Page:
Whether the dust jacket of this historical novel is the Canadian version (left) or the American (right), the readable content within is the same. (Michael Gates)
History Hunter: New novel a gripping account of the gold rush

Stampede: Gold Fever and Disaster in the Klondike is an ‘enjoyable and readable’ account of history

Yukonomist Keith Halliday
Yukonomist: Your furnace and your truck need to go

Perhaps the biggest commitment in the NDP deal with the Liberals was boosting the Yukon’s climate target

Awaken Festival organizers Meredith Pritchard, Colin Wolf, Martin Nishikawa inside the Old Firehall in Whitehorse on May 11. (Haley Ritchie/Yukon News)
Performing arts fest plans to awaken artistic talent in Whitehorse and the rural North

‘A value of ours is to make theatre as accessible as possible.’

April Mikkelsen tosses a disc during a ladies only disc golf tournament at Solstice DiscGolfPark on May 8. John Tonin/Yukon News
Yukon sees its first-ever women’s disc golf tournament

The Professional Disc Golf Assocation had a global women’s event last weekend. In the Yukon, a women’s only tournament was held for the first time ever.

Dave Blottner, executive director at the Whitehorse Food Bank, said the food bank upped its services because of the pandemic. (John Tonin/Yukon News)
Food Bank sees Yukoners’ generosity firsthand

“Businesses didn’t know if they could stay open but they were calling us to make sure we were able to stay open.”

A prescribed burn is seen from the lookout at Range Road and Whistle Bend Way in Whitehorse May 12. (Stephanie Waddell/Yukon News)
Editorial: Are you ready for a forest fire?

Citizens for a Firesmart Whitehorse have listed some steps for Yukoners to boost safety and awareness

Caribou pass through the Dempster Highway area in their annual migration. A recent decision by the privacy commissioner has recommended the release of some caribou collar re-location data. (Justin Kennedy/Yukon News)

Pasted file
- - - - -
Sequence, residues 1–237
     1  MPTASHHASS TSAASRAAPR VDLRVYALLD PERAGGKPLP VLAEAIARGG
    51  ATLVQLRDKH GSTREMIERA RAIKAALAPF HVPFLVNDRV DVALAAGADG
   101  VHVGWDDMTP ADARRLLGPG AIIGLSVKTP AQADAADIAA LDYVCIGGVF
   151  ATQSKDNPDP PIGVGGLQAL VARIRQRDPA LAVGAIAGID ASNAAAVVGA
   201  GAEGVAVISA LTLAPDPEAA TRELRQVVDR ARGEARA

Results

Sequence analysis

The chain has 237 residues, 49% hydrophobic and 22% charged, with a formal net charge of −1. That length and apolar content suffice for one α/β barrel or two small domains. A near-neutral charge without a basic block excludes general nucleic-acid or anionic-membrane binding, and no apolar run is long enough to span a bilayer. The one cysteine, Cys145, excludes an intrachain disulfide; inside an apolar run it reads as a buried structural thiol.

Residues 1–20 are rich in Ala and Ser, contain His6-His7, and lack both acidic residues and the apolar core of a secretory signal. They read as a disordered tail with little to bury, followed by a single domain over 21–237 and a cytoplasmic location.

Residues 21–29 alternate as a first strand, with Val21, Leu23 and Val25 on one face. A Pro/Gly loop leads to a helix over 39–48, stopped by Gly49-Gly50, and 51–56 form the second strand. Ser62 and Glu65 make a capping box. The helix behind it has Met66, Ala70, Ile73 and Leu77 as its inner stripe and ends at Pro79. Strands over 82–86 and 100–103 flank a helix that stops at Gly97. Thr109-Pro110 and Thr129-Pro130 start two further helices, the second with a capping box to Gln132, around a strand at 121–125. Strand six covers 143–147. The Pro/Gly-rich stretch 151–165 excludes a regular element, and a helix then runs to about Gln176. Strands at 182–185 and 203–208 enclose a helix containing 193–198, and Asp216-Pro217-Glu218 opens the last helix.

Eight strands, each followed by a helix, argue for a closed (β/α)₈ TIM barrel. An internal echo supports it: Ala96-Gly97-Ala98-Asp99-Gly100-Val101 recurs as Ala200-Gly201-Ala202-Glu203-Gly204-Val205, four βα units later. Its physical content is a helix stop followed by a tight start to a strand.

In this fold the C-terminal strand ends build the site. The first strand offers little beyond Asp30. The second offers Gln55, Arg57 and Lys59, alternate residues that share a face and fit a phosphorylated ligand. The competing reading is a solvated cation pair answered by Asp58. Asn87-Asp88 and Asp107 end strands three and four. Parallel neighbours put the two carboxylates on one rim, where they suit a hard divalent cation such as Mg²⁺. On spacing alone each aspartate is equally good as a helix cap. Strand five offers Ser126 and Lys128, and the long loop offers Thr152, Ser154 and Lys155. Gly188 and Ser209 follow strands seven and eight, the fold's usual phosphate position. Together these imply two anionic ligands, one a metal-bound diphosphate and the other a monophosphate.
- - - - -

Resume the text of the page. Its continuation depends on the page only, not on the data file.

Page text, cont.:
Privacy commissioner recommends release of caribou location data

Department of Environment says consultation with its partners needed before it will consider release

Chief Medical Officer of Health Dr. Brendan Hanley. (Crystal Schick/Yukon News)
Family pleased youth will be able to get Pfizer vaccine

Angela Drainville, mother of two, is anxious for a rollout plan to come forward

Safe at home office in Whitehorse on May 10, 2021. (John Tonin/Yukon News)
Federal government provides $1.6 million for Yukon anti-homelessness work

Projects including five mobile homes for small communities received funding.

Drilling at Northern Tiger’s 3Ace gold project in 2011. Randi Newton argues that mining in the territory can be reshaped. (Yukon government/file)
Editorial: There’s momentum for mining reform

CPAWS’ Randi Newton argues that the territory’s mining legislations need a substantial overhaul

At its May 10 meeting, Whitehorse city council approved the subdivision for the Kwanlin Dün First Nation’s business park planned in Marwell. (Submitted)
KDFN business park subdivision approved

Will mean more commercial industrial land available in Whitehorse

Main Street in Whitehorse on May 4. Whitehorse city council has passed the first two readings of a bylaw to allow pop-up patios in city parking spaces. Third reading will come forward later in May. (Stephanie Waddell/Yukon News)
Whitehorse council pursuing restaurant patio possibilities

Council passes first two readings for new patio bylaw

Most Read